Welcome to the launch of the Write to Discover blog.
We’ve been around since 2015 when we were known as “Healthy Writing,” and more focused on tips, traps and techniques to help make your writing crisp and clean. As we’ve spent considerable time in workshops with writers of all levels of expertise over the past few years, we’ve discovered that the writer’s heart yearns most to tell its stories. The most common struggle for writers is finding a way to get those stories out and onto the page.
Thus, we’ve adjusted our brand and our approach accordingly as Write to Discover, a concept we discovered from Flannery O’Connor, one of the most notable writers from the American South and one of our personal favorites when it come to storytelling. O’Connor wrote in a letter to a colleague, “I have to write to discover what I am doing.” She believed the act of writing itself reveals the mystery of the world around us and that all souls explore that mystery through storytelling. And, as humans, it’s innate for us to tell stories.
Elie Wiesel, in his “The Gates of the Forest,” wrote: “God made man because He loves stories.”
Graham Swift, in “Waterland,” wrote: “Man – let me give you a definition – is the storytelling animal. Wherever he goes he wants to leave behind not a chaotic wake, not an empty space, but the comforting marker buoys and trail signs of stories.”
We also embrace the wisdom and writing philosophy of Brenda Ueland, clearly articulated in her book, “If You Want to Write: A Book About Art, Independence and Spirit.” First published in 1938 and never out of print since then, her opening paragraph describes a writing class she attended for three years, comprised of aspiring writers from all walks of life – high to low, rich to poor, educated and not.
“This is what I learned: that everybody is talented, original and has something important to say.”
We agree. Regardless of age or station in life or perceived ability to write, those who want to write profit from coming together in a supportive environment to write, discover, and share stories with each other. Ueland says “this creative power and imagination is in everyone and so is the need to express it… It is very tender and sensitive, and it is usually drummed out of people early in life by criticism (so-called ‘helpful criticism’ is often the worst kind), by teasing, jeering, rules, prissy teachers, critics, and all those unloving people who forget that the letter killeth and the spirit giveth life.”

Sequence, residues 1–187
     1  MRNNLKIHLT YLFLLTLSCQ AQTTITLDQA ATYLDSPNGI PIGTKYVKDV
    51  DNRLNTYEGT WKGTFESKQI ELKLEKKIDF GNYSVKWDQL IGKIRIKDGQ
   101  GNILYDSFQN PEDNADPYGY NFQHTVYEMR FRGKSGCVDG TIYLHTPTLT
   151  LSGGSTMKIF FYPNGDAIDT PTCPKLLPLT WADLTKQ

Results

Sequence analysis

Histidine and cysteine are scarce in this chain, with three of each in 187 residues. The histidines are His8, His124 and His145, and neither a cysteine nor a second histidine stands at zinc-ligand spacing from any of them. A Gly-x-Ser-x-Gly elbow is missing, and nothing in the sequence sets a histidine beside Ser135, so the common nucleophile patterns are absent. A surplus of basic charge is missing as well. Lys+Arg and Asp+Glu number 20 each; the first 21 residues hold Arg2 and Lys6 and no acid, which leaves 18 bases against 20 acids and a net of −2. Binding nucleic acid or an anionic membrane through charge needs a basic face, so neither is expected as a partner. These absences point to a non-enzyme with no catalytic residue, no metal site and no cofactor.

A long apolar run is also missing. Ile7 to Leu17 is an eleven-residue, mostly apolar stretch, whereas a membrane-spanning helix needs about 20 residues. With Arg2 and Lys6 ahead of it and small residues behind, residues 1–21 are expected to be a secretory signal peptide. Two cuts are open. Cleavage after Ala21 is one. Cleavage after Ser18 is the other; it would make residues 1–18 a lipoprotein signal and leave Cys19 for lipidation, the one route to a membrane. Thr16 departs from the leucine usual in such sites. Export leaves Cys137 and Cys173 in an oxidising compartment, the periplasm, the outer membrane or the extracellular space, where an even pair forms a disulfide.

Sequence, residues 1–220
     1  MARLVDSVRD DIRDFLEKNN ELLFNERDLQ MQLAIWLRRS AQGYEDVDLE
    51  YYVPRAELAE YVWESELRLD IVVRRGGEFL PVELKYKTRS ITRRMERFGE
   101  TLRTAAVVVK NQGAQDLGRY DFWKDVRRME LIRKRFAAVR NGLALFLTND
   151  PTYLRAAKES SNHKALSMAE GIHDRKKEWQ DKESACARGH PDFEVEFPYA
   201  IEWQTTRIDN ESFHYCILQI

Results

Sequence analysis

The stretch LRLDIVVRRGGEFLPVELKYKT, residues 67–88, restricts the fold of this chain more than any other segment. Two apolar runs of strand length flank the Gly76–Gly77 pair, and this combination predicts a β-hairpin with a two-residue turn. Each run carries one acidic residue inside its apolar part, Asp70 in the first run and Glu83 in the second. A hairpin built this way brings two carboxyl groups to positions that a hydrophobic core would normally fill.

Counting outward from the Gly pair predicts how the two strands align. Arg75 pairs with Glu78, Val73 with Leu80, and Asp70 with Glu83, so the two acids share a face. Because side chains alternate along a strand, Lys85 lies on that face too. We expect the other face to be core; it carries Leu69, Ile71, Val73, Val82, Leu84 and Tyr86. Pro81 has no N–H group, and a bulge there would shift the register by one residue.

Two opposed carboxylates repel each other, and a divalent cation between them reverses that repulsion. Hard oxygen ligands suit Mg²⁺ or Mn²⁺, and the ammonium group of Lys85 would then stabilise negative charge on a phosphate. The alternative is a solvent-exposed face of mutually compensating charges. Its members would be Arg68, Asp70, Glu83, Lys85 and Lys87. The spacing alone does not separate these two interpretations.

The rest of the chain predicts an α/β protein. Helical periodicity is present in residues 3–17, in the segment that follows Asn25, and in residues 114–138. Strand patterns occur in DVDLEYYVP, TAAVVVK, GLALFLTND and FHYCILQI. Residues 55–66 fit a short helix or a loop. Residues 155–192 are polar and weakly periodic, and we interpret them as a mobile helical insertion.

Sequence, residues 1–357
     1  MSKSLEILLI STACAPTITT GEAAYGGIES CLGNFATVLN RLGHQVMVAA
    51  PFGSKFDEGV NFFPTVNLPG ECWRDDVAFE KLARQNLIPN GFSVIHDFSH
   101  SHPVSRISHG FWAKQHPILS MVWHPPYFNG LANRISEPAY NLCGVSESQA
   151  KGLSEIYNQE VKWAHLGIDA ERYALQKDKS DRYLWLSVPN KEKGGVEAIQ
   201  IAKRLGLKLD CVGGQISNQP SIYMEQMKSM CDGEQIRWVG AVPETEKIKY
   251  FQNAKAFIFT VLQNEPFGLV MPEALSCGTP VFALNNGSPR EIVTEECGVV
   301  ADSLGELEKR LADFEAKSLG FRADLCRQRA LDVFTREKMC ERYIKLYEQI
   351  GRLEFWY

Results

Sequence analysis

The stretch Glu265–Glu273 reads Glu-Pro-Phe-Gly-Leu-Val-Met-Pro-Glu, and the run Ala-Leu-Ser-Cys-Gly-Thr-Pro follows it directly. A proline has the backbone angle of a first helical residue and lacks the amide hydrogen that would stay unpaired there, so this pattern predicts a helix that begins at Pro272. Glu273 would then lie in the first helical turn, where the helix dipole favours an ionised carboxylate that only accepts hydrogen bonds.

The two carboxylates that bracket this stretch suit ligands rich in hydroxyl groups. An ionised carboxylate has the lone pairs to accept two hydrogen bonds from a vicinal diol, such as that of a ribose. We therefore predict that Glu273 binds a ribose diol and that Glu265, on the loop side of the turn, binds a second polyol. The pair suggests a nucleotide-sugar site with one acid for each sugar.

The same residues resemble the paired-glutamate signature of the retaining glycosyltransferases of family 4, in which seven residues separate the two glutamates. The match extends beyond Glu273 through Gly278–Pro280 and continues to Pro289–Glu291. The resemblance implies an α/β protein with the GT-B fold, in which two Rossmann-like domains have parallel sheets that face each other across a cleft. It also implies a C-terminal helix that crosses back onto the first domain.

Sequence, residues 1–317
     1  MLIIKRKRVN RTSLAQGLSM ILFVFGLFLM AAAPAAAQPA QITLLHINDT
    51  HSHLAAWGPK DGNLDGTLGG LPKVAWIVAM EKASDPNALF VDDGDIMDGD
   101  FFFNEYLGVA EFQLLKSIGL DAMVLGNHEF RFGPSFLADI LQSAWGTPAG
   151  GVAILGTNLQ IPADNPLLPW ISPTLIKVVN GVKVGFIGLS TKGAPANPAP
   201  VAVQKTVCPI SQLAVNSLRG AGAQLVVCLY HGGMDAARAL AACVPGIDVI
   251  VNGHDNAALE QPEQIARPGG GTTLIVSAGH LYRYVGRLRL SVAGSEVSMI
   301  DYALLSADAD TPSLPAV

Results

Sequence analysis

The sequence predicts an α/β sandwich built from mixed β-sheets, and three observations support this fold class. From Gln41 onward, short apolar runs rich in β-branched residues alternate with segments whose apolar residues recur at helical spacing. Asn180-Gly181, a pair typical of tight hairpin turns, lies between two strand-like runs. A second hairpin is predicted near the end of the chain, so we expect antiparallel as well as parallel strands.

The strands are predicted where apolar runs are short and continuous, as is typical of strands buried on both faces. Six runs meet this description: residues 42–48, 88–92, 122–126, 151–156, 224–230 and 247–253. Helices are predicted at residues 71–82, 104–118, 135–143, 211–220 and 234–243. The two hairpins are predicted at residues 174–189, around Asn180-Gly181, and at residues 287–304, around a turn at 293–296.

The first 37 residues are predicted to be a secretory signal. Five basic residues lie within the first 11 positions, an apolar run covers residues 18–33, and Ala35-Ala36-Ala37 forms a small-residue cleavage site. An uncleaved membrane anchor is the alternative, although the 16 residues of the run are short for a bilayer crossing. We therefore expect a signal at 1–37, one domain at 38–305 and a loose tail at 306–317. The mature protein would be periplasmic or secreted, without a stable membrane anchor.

Too often as aspiring writers we find ourselves frozen by the sight of the empty page or a blank computer screen. And, the culprit is often those unpleasant memories of the teachers and others along our evolutionary paths of discovery who sneered, jeered, marked up with a red pen, or harshly critiqued what we had to say and how we said it. As a result, the words come out timid and anemic, if they come out at all.
But, as Ueland observes, it’s not the person nor the power of their stories that lack. Rather, we all suffer from the overlays of our schooling in technical structures, sentence diagrams, grammar lessons, fear of punctuation, and more.
At Write to Discover we focus on the story and the elements of its structure rather than the grammar book. We love Elmore Leonard’s take on this: “I can’t allow what we learned in English composition to disrupt the sound and rhythm of the narrative.”
We believe the storyteller in each one of us needs to be set free with encouragement to seize the power of words and the primal flow of the narrative river. Just tell the story. Editors can and will fix the technical stuff later.
And, we’ve discovered that a happy outcome happens when the storyteller confidently takes control: technical issues seem to work themselves out along the way.
Writing to discover can never produce stories that are timid or anemic because the process puts the story at the center of the work.
“No writing is a waste of time – no creative work where feelings, the imagination, the intelligence must work. With every sentence you write, you have learned something. It has done you good. It has stretched your understanding. Even if I knew for certain that I would never have anything published again, and would never make another cent from it, I would keep on writing.” This is Brenda Ueland’s discovery.
Our blog is on the side of the writer, the speaker, the storyteller who has a tale to tell and needs to tell it with clarity and grace. We will still publish tips, traps, techniques, ideas and interesting items to help make the writing crisp and clear. More importantly, we hope we help inspire you to tell your stories and “fill you paper with the breathings of the heart” as William Wordsworth described the art and purpose of the writer.